August 17, 2020
Do you find yourself nodding off throughout the day, despite getting more than eight hours of sleep each night? This is one of the most common symptoms of a sleep disorder called sleep apnea, in which the tissues in your mouth and throat collapse during the night and block your airway. As a result, you temporarily stop breathing and wake up. This can happen several times a night, preventing you from getting the deep sleep you need to feel fully rested. In addition to sleep apnea, spending time on your cell phone before bed can also interfere with the quality of your sleep. Keep reading below to learn how.
How Cell Phone Use Can Rob You of Quality Shut-Eye
The human body’s circadian rhythm, which is essentially your “body clock,” is highly sensitive to the blue light emitted by cell phones, especially on social media apps. Your brain naturally interprets this blue light as the color of the sky during daytime. Since your body thinks it’s much earlier in the day than it really is, your brain suppresses the release of melatonin, the hormone that regulates sleep. This prevents you from feeling tired until later in the night, until long after you’ve put your device away.
Even using your phone or tablet to read doesn’t help. In a recent study, participants who read electronically went to bed later and were less alert upon waking than those who read only printed materials before bed.
How You Can Improve Your Quality of Sleep
If you’re struggling with sleep apnea, getting the restful sleep you need can already be difficult. One important way to help is to turn off all of your electronic devices an hour before bedtime. You can also switch to low lighting in your house at night. These help your brain recognize that it’s nighttime and produce the melatonin you need for a good night’s sleep.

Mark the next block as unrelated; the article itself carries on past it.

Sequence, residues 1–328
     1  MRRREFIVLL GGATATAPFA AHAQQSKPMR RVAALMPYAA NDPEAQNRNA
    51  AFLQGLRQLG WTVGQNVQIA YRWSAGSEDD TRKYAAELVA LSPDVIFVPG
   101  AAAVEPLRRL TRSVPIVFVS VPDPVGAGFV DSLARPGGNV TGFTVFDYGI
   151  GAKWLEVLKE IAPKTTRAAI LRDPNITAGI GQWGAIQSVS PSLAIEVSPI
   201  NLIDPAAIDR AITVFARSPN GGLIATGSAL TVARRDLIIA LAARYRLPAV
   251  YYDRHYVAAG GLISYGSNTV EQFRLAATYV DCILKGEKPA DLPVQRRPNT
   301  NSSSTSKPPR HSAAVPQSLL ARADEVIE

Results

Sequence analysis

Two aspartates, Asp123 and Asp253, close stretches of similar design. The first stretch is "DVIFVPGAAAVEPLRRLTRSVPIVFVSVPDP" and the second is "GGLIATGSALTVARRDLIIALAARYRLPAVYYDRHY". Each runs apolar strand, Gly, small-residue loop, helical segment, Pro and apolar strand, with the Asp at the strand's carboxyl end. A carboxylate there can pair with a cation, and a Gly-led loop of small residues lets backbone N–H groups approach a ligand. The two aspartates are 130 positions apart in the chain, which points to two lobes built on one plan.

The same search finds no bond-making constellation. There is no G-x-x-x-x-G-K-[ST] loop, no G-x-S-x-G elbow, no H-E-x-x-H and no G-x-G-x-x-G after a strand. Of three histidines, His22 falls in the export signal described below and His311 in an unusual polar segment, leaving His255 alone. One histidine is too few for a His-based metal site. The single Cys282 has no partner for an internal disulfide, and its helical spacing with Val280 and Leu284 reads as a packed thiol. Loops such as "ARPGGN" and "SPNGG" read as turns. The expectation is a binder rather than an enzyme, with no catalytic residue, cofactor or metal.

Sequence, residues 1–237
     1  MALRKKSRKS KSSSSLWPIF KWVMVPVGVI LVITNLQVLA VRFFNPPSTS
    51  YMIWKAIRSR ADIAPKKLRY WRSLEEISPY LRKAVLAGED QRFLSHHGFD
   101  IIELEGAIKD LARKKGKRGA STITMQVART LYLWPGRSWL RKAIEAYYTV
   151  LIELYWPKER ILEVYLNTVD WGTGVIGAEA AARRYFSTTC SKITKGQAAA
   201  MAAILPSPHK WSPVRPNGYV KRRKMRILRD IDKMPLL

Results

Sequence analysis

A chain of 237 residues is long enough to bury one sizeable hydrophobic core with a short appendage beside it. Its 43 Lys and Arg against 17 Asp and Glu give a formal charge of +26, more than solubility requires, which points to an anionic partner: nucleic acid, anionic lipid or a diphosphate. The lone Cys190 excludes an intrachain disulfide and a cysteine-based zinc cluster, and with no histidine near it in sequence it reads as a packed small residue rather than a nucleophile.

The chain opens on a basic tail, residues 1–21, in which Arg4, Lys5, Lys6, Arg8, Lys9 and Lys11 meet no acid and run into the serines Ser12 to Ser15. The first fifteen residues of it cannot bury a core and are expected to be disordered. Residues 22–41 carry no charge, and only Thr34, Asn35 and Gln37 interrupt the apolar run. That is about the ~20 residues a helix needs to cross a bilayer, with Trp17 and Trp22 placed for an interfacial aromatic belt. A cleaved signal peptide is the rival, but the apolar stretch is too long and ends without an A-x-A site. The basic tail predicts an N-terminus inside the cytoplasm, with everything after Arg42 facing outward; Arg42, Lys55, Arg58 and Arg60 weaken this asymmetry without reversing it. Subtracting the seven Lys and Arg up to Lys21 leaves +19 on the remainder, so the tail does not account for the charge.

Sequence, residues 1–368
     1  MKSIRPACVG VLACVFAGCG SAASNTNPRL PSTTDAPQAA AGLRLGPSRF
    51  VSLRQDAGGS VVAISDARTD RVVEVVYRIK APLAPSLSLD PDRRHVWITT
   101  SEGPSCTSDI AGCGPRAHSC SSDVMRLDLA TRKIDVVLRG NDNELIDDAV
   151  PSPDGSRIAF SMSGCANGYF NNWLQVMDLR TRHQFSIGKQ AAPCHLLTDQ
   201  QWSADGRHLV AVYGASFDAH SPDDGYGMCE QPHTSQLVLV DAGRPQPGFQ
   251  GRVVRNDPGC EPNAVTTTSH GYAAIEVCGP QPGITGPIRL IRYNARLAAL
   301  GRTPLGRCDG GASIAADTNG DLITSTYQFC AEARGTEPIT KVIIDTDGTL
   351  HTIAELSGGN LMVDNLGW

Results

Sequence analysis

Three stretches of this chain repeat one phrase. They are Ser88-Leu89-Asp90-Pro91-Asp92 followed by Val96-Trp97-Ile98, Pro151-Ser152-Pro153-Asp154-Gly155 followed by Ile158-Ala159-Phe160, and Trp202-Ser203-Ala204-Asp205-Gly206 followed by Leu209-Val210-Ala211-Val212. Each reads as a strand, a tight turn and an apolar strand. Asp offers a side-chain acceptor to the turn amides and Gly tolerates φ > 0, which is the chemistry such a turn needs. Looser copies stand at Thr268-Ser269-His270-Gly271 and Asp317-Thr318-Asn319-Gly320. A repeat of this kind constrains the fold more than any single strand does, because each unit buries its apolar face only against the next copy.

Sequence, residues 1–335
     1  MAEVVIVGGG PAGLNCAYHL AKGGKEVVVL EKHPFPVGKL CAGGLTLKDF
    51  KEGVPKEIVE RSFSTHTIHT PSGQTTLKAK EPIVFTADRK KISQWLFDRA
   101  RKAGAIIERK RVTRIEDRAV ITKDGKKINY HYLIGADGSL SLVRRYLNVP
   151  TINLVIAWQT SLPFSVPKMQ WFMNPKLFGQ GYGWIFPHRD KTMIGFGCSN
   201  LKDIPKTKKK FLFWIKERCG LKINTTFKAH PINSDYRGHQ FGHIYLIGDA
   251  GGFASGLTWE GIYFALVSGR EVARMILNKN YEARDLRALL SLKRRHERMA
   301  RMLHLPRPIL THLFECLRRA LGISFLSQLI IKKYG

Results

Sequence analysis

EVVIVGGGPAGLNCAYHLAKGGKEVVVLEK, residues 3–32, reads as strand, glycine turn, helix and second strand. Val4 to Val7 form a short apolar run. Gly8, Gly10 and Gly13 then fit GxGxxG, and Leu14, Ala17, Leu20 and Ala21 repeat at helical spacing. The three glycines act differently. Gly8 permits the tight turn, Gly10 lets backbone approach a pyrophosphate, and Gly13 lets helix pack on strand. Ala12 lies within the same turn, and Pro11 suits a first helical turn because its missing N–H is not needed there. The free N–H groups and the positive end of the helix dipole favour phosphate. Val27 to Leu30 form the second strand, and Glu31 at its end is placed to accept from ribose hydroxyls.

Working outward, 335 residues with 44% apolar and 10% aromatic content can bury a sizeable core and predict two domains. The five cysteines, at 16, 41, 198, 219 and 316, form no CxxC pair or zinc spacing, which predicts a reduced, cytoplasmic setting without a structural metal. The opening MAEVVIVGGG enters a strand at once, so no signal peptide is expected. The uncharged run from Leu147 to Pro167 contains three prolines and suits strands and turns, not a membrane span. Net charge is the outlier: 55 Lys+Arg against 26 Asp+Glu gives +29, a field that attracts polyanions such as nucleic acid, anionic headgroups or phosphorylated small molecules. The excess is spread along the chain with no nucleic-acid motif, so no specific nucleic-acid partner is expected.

Instead of staring at a screen, spend this time doing something relaxing, such as reading a physical book, listening to a podcast, writing in a journal, or meditating.
The Importance of Treating Sleep Apnea
Sleep apnea, and poor sleep quality in general, has been linked to an increased risk of depression, heart disease, diabetes, high blood pressure, and more. That’s why, in addition to reducing screen time, getting sleep apnea treatment is crucial.
Today, oral appliance therapy makes treating sleep apnea more convenient than ever before. This comfortable device gently repositions your jaw to keep your airway open at night. It’s a much more tolerable alternative to the loud, often uncomfortable CPAP machine.
Combining treatment with better habits, like turning your devices off an hour before bed, can help you find relief from sleep apnea and improve your overall quality of life.
About the Author
Dr. Steven Oshins is a dentist in Schenectady, NY who studied at the University at Buffalo School of Dental Medicine. In April of 2019, he completed a dental sleep medicine residency at the University of North Carolina. He is able to create personalized oral appliances to help patients with sleep apnea achieve better rest. He is also working toward certification as a Diplomate of Sleep Medicine. To learn more about how you can improve your quality of sleep, contact Oshins of Smiles at (518)-356-5635.
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